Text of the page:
It was a little over a month ago when Apple had its big publishing/education announcement and introduced the world to iBooks Author. At the time Josh predicted that the shiny, user-friendly app would make it relatively easy for news organizations to compile their journalism into ebook form.
And now we’ve got some proof. The nonprofit St. Louis Beacon just produced Meandering Mississippi, an ebook that collects its writing, photos, and video on last year’s record floods. Taking your best coverage and converting it into an ebook isn’t new, but the Beacon may be one of the first news organizations to do so using iBooks Author.
The book, now available for 99 cents in iTunes, weaves together a narrative stemming from the Army Corps of Engineers decision to breach the Birds Point levee, flooding more than 100,000 acres of land in an attempt to save the town of Cairo, Ill. Across 54 pages, the Beacon combines the text of its stories with slideshows, audio, interactive graphics, and video interviews to try to enhance the storytelling. “The text carries the basics and the meat of the story, but having all these extra elements to add to the book really make it stand out,” Brent Jones, the Beacon’s display editor, told me.
Jones assembled the book himself and described it as a mostly pain-free process, one he said even editors with little design knowledge could use. He relied heavily on the templates that Apple provides, but he says there’s plenty of flexibility for those with who want it. The workflow will look familiar to anyone with experience with other Apple apps like Keynote or Pages, he said.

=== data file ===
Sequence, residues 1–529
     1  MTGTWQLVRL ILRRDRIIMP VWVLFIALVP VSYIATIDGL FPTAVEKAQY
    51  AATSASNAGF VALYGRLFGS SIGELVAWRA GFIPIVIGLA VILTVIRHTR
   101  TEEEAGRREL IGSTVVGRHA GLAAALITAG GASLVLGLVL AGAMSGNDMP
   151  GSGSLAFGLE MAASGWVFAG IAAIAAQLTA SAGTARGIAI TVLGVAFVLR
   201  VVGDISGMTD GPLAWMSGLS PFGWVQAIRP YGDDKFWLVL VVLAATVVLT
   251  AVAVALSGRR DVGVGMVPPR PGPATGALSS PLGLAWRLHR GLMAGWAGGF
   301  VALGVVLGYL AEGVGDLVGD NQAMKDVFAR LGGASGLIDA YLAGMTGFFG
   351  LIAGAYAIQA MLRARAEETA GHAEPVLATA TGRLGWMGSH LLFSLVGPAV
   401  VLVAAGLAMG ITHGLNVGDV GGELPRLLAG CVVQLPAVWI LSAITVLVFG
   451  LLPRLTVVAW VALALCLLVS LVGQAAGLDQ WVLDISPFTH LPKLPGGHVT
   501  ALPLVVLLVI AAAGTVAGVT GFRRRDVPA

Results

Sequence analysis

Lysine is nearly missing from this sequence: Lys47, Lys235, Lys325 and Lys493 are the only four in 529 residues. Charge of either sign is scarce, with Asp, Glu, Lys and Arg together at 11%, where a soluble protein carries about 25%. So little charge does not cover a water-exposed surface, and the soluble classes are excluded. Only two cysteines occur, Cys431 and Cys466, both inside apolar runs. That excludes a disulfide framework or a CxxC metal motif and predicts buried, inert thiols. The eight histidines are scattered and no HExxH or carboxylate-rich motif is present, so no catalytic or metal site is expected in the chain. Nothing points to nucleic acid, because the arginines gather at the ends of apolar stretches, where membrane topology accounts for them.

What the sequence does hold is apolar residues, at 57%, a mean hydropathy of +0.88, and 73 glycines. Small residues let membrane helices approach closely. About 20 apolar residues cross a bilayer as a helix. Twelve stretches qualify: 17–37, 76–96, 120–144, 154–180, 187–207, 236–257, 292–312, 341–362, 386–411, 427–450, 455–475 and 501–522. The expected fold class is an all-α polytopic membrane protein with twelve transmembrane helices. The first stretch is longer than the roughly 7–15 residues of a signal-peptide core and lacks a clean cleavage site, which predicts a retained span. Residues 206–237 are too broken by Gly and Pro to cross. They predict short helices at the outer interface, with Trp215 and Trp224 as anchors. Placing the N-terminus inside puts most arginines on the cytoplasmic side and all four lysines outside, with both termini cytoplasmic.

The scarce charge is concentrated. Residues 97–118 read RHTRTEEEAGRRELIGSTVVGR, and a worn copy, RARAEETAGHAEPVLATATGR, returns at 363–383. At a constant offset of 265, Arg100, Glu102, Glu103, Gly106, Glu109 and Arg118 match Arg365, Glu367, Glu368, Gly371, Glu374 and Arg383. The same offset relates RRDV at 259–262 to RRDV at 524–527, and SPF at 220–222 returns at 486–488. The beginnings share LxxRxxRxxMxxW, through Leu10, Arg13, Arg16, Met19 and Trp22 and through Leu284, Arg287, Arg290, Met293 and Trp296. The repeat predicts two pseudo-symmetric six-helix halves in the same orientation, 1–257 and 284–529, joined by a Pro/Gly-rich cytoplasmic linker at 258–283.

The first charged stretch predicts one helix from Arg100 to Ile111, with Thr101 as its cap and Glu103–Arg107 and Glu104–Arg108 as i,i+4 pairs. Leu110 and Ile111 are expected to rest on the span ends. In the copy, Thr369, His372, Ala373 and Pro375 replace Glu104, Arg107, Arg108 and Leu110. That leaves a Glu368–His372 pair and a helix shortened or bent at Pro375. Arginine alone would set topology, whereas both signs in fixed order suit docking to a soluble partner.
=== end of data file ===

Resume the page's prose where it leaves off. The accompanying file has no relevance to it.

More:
Assembling the package was made easier by the fact that most of the flooding package was already assembled for a printed magazine product the site gives to its donors. Jones simply had to go back over the multimedia elements to see which would fit in the story and how they could be best used within the book. He decided to decouple an audio slideshow, for instance, splitting it into a solo slideshow and an audio track to use in a different part of the book.
“It all goes back to the story you’re trying to tell and making sure you’re using the new tool and all the features within that tool to support the story,” Jones said.
Jones said he downloaded the app on the night of the announcement and mocked up two pages of the book for his iPad. The next morning, he took the book into work to show his editors and got the green light. It took Jones about a week to put the book together, mostly working from home. (iBooks Author only runs on Mac OS X Lion, which Beacon computers didn’t have installed — but his personal machine at home did.) But after that things stalled for a bit. It took a little over two weeks for the book to go through Apple’s publishing process, which is known for being slower than, say, Amazon’s for the Kindle. Aside from having to provide the necessary information for payment and other authentication, Jones said he’s not sure why the process took as long as it did.
Still, the Beacon found it to be a relatively quick process that fit in fairly easily to its workflow. The Beacon isn’t placing any expectations on the ebook; it’s using it as a kind of test balloon to see if readers are willing to pay or if they like reading in the tablet format. As a wholly different media from the website, ebooks could offer a lot of opportunity for the type of work the Beacon does, Jones said. They just need to find out if there is an audience for it.
“It’s a good example of what we do — looking more deeply into stories and sticking with stories over a period of time,” Jones said.
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